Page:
Jordi Bonet was born in 1932 in Barcelona (Spain), where he briefly attended la Llotja School of Fine Arts. In his adolescence, he was in an accident and lost his right arm. He drew a lot in order to develop agility in his right arm and thus rediscovered Velasquez, Goya and Gaudi’s architecture. Jordi Bonet was awarded several prizes throughout his career such as the Prize for Drawing at the Montreal Museum of Fine Arts’ Spring Exhibition (1958) and the Royal Architectural Institute of Canada’s Award of Excellence. He is a member of Barcelona’s Cercle Maillol (1953), associate member of the Royal Canadian Academy of Arts (1966) and member of the Association des artistes professionnels du Québec,
Bonet moved to Montreal in 1954 where he would live with his studio neighbor: Catalan artist Jesus Carlos de Vilallonga. He continued his studies at the School of Fine Arts and began studying ceramics with Jean Cartier. He experimented with this new medium by accepting all job offers and started creating his first murals. Jordi Bonet was exasperated by the concessions he would have to make in order to have his work showcased in galleries or museums. He wanted to make art for the people. The 1960s would be a turning point in his career. He would sculpt more than a hundred murals to be showcased around the world; his first pieces were made with ceramic and concrete and then he started using aluminum and bronze. His work consisted of using a printed mold and he then sometimes integrated elements of nature or various objects into the mural. He created some pieces out of glass, such as one for the Our Lady of the Skies chapel in the John F. Kennedy airport in New York. He then briefly taught at the École d’Architecture de l’Université de Montréal (from 1966 to 1968) As of 1971, Bonet gradually stopped creating murals and devoted his time to more intimates pieces.
The piece is composed of two sections. At its top and at its center, two figures. To the left, an upside down mold of a doll’s head. To the right, the same mold is downside up. In this section, the mold has a tangible ruggedness. A slit separates the piece in two.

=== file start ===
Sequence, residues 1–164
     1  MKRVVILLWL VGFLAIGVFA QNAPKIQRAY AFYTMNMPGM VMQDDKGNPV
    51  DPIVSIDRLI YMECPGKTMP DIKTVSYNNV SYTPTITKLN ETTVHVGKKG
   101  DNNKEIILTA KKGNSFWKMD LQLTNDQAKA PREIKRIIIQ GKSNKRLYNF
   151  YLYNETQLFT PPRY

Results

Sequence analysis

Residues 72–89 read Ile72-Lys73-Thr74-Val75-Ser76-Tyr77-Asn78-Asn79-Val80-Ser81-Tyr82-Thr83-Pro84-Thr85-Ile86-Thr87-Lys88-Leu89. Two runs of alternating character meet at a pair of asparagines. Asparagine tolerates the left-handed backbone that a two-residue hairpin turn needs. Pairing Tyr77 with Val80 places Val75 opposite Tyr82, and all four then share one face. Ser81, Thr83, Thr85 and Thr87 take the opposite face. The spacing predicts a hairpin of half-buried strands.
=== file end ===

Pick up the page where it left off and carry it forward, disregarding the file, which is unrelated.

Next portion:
The top section, which covers more than half the piece and which is located in its upper extremity, is characterized by a slit in the the middle. On both sides of the slit, the background keeps the traces of the casting. The two doll’s faces are just above the slit, in the extreme top part of the piece. The bottom section which consists of almost a third of the piece has a metal grillwork texture, a Bonet signature move. The center bears the initialism of la Société La Haye et Ouellet, an urban planner firm. The artist’s signature is located in the bottom left of the piece.
From 1971 on, when his son died, Jordi Bonet considerably slows down his production of large scale concrete and ceramic pieces. He had already worked several times with aluminum, but from 1970, he begins to regularly integrate this material into his practice, and this, until his death. This period (1971-1979) was characterized by the creation of smaller, more intimate pieces, 3D and bas-reliefs, aluminum sculptures that he would later reproduce to make several copies. Bonet also creates several unique pieces. In these pieces, the usual diversity of his imagery does not hail from simplicity, but rather a restrained intensity. We can well recognize his work by is use of the children faces’ forms and the grating-like imprints.